Ecuador’s National Electoral Council has suspended a recount of votes from the first round of the presidential election requested by left-wing Indigenous candidate Yaku Perez, who has alleged fraud denied him a place in the runoff.
The count was put on hold after the five-member council could not reach a majority in favour of Perez’s request after holding a vote late on Tuesday, with two for, one against, one abstention and another absent.
“This plenary session of the National Electoral Council, unfortunately, does not respond to the request, nor does it approve or deny the report presented in the technical area” on the request for a recount, council head Diana Atamaint said.
Perez, a 51-year-old environmental lawyer, had formally submitted the request for a recount in 17 of the country’s 24 provinces.
The recount would involve about six million ballots, representing about 45 percent of Ecuador’s registered voters.
Perez won 19.38 percent of the vote in the February 7 election, just 33,000 votes behind his second-placed rival, right-wing former banker Guillermo Lasso, 65, who has also called for a recount.
Runoff in April
Economist Andres Arauz, a 36-year-old protege of former socialist President Rafael Correa, won 32.7 percent, which was not enough to win outright, and the race is now on to see who will face him in the April 11 runoff.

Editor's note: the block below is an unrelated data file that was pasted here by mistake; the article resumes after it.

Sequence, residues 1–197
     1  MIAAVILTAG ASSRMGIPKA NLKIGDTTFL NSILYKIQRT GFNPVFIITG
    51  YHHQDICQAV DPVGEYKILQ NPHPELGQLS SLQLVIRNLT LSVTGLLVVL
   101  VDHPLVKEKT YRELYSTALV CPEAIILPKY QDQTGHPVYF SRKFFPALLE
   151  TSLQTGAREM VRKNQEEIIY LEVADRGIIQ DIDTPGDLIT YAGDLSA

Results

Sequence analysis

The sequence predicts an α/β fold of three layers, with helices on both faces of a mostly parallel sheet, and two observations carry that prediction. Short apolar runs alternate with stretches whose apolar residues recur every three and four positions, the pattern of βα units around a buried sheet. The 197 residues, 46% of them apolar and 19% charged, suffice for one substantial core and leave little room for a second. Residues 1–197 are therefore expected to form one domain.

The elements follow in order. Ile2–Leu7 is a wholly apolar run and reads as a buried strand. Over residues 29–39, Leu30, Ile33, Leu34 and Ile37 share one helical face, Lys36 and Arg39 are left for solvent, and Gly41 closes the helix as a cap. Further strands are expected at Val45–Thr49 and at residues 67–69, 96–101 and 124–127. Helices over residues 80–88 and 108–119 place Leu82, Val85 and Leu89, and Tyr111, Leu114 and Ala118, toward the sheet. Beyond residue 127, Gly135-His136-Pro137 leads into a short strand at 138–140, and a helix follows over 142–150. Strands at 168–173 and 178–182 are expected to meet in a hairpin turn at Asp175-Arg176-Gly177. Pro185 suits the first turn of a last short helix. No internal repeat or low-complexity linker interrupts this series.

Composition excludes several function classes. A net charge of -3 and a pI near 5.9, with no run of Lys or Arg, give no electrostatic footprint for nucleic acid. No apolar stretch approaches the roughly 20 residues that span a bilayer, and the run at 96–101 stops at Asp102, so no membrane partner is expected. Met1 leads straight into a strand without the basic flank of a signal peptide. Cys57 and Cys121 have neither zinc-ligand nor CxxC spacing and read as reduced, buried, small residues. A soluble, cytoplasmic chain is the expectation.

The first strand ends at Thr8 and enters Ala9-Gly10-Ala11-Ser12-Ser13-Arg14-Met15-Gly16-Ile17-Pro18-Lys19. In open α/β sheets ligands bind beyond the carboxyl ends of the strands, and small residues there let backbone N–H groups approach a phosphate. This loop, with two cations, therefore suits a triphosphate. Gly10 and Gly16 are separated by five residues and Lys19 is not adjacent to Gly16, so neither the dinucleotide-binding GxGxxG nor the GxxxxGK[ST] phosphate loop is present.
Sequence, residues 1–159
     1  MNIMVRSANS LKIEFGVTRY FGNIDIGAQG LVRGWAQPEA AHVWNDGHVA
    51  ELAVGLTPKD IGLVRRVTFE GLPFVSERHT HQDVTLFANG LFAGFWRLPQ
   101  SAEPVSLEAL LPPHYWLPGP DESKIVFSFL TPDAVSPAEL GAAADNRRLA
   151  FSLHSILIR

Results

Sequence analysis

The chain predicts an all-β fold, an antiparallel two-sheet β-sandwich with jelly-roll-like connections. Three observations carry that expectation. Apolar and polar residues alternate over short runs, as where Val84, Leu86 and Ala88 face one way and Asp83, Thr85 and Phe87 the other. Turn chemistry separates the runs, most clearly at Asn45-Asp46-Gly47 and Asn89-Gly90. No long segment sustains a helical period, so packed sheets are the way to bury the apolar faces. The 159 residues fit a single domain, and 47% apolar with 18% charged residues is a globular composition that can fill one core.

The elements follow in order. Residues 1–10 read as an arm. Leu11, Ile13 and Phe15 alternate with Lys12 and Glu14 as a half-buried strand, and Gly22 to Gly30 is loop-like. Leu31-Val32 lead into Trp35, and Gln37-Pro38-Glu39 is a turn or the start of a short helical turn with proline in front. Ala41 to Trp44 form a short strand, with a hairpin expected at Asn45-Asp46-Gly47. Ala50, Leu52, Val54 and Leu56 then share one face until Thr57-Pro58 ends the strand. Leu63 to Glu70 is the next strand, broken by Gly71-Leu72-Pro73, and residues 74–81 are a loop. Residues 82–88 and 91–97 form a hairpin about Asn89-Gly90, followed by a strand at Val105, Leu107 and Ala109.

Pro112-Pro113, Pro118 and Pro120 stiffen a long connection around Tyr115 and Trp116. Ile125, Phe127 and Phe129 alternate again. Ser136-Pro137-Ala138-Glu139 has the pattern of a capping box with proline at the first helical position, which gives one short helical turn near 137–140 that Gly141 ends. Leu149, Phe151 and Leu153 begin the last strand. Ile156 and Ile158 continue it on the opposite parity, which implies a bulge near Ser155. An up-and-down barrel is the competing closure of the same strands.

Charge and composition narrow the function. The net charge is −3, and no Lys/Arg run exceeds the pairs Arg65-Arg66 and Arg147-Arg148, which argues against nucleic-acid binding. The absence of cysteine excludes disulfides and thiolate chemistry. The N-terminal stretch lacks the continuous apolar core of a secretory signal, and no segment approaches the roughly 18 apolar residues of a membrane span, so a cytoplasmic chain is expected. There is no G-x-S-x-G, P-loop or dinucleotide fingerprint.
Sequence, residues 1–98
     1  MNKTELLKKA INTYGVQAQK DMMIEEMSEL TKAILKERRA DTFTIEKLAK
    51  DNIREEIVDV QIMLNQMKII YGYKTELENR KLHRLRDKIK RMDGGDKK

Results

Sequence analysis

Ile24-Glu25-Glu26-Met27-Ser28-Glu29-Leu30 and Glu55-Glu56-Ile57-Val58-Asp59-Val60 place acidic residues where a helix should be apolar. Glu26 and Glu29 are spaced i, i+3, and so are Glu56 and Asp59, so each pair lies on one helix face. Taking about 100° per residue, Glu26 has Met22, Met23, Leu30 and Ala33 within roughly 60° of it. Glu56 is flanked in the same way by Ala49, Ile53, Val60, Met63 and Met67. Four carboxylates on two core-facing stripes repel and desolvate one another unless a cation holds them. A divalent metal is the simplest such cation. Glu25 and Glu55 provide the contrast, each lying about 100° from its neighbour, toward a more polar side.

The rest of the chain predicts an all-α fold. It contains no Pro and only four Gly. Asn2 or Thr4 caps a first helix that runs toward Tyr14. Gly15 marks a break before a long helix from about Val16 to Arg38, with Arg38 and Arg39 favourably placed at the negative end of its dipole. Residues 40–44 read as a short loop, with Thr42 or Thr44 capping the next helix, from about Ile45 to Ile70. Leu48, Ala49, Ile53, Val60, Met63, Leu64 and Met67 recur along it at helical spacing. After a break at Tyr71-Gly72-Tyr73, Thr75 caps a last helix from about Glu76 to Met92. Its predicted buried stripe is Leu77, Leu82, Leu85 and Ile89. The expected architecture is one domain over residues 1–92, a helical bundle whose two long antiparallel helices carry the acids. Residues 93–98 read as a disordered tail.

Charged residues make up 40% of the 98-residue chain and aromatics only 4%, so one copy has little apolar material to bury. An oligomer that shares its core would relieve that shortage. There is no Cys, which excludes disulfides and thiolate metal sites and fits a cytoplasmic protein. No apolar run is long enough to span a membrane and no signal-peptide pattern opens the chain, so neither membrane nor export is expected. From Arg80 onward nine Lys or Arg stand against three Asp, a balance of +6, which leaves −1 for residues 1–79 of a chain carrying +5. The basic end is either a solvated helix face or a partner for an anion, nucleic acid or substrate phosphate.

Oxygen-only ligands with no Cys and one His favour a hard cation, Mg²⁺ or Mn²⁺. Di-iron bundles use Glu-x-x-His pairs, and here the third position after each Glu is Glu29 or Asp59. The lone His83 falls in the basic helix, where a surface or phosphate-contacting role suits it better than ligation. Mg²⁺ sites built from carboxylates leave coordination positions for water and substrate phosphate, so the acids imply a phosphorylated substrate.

Perez alleges fraud had been committed to keep him out of the runoff after he was narrowly displaced by Lasso from second to third place in the middle of the count.
“They are not going to defeat us, they are not going to annihilate us, the resistance continues. Today (the electoral council) has just made a decision that is left in limbo,” Perez, the son of farmworkers, said after the council’s announcement.
Indigenous groups supporting Perez have called for rallies on Wednesday and a march to Quito to denounce alleged electoral fraud against their candidate.
Incumbent President Lenin Moreno’s term in office ends on May 24.
The Organization of American States has urged the council to “guarantee compliance with the electoral calendar” to ensure that the April runoff takes place as scheduled.